Vase

ca. 1775 (made)
Image of Gallery in South Kensington
On display at V&A South Kensington
British Galleries, Room 118, The Wolfson Gallery
Artist/Maker
Place Of Origin

Object Type
This vase was purely decorative and would have been displayed in a domestic interior, possibly on a mantelpiece, where it might have been set out with others.

Design & Designing
Josiah Wedgwood's move into vase production coincided with the fashionable world taking up the vase as a symbol of the new 'antique' style. The demand for 'antique' vases was so great that, in addition to copying surviving classical antiquities, manufacturers copied designs from prints of the 17th and 18th centuries. Some of these prints were highly fanciful inventions, which were not seriously intended for production. In this instance Wedgwood adapted the design from a print of vases etched by the Italian artist Stefano della Bella (1610-1664). The relief of cupids carrying a garland is adapted from a classical Roman design, one that was revived during the Renaissance: a version appears on the tomb of the Ilaria del Carretto by the early 15th-century Siennese sculptor Jacopo della Quercia.

Materials & Making
The vase is made of Black Basalt, one of several types of pottery that Wedgwood (1730-1795) introduced or refined. The black colour came from 'Carr', an oxide of iron suspended in water that had flowed through coal seams and mines.


object details
Categories
Object Type
Parts
This object consists of 2 parts.

  • Vase
  • Cover
Materials and Techniques
Black Basalt
Dimensions
  • Height: 26.99cm
  • Including handles width: 14.6cm
Marks and Inscriptions
Impressed with the mark 'Wedgwood and Bentley'
Gallery Label
Vase made at the factory of Josiah Wedgwood, Etruria, Staffordshire, about 1770-1780 Mark: 'Wedgwood and Bentley', impressed Black Basalt with engine-turned decoration 280&A-1893(23/05/2008)
Object history
Made at Josiah Wedgwood's factory, Etruria, Staffordshire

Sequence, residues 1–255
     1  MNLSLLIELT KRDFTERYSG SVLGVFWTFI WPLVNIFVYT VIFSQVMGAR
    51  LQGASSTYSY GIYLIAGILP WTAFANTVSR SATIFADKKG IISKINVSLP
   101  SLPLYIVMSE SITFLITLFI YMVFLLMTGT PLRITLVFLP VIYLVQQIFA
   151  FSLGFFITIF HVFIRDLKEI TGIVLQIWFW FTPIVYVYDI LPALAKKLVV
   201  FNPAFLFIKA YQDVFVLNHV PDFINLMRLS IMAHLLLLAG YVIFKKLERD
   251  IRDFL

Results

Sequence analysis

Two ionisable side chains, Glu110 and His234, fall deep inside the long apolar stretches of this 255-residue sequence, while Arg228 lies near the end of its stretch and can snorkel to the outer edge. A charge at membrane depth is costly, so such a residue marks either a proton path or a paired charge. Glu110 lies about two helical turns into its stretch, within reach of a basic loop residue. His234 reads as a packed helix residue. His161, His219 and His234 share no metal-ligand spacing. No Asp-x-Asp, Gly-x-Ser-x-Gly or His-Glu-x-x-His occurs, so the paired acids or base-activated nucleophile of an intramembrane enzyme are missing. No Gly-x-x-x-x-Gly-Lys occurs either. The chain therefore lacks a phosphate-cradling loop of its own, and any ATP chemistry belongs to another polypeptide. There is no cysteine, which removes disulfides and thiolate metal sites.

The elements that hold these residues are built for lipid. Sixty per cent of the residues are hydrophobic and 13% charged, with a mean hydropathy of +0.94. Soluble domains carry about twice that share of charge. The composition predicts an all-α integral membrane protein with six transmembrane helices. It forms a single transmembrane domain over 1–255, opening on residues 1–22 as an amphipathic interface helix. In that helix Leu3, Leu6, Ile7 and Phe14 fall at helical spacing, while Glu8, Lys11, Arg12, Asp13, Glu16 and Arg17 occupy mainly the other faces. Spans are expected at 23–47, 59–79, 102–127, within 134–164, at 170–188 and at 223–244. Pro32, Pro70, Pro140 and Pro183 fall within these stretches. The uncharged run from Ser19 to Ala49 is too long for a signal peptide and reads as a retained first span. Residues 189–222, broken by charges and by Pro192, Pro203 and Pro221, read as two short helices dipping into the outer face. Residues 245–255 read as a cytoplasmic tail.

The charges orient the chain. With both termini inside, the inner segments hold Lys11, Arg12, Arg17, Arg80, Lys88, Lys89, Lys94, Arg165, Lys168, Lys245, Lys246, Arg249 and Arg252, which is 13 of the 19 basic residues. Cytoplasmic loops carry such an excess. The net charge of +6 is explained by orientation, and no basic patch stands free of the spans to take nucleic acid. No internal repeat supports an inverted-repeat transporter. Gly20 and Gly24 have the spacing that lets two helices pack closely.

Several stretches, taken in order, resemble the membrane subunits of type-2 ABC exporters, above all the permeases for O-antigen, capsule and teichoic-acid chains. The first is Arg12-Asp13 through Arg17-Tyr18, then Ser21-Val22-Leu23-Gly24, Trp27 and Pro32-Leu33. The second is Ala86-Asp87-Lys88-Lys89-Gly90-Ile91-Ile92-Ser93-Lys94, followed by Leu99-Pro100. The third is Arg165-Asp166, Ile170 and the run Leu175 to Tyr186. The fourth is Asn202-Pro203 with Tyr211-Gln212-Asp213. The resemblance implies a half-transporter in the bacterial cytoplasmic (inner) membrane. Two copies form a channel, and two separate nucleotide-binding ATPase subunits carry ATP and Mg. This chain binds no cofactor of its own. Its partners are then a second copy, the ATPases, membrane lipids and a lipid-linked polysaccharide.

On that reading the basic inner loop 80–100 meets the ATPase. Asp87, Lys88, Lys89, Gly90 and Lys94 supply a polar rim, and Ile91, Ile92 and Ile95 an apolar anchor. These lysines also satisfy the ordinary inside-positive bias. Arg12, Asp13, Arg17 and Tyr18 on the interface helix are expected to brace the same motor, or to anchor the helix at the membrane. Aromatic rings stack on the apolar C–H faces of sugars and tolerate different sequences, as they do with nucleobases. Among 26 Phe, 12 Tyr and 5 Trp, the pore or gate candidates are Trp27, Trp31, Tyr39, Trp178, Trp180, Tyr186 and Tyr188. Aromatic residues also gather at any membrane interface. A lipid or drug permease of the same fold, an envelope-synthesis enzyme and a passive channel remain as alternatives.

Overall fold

Summary
Object Type
This vase was purely decorative and would have been displayed in a domestic interior, possibly on a mantelpiece, where it might have been set out with others.

Design & Designing
Josiah Wedgwood's move into vase production coincided with the fashionable world taking up the vase as a symbol of the new 'antique' style. The demand for 'antique' vases was so great that, in addition to copying surviving classical antiquities, manufacturers copied designs from prints of the 17th and 18th centuries. Some of these prints were highly fanciful inventions, which were not seriously intended for production. In this instance Wedgwood adapted the design from a print of vases etched by the Italian artist Stefano della Bella (1610-1664). The relief of cupids carrying a garland is adapted from a classical Roman design, one that was revived during the Renaissance: a version appears on the tomb of the Ilaria del Carretto by the early 15th-century Siennese sculptor Jacopo della Quercia.

Materials & Making
The vase is made of Black Basalt, one of several types of pottery that Wedgwood (1730-1795) introduced or refined. The black colour came from 'Carr', an oxide of iron suspended in water that had flowed through coal seams and mines.
Collection
Accession Number
280&A-1893

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record createdMarch 27, 2003
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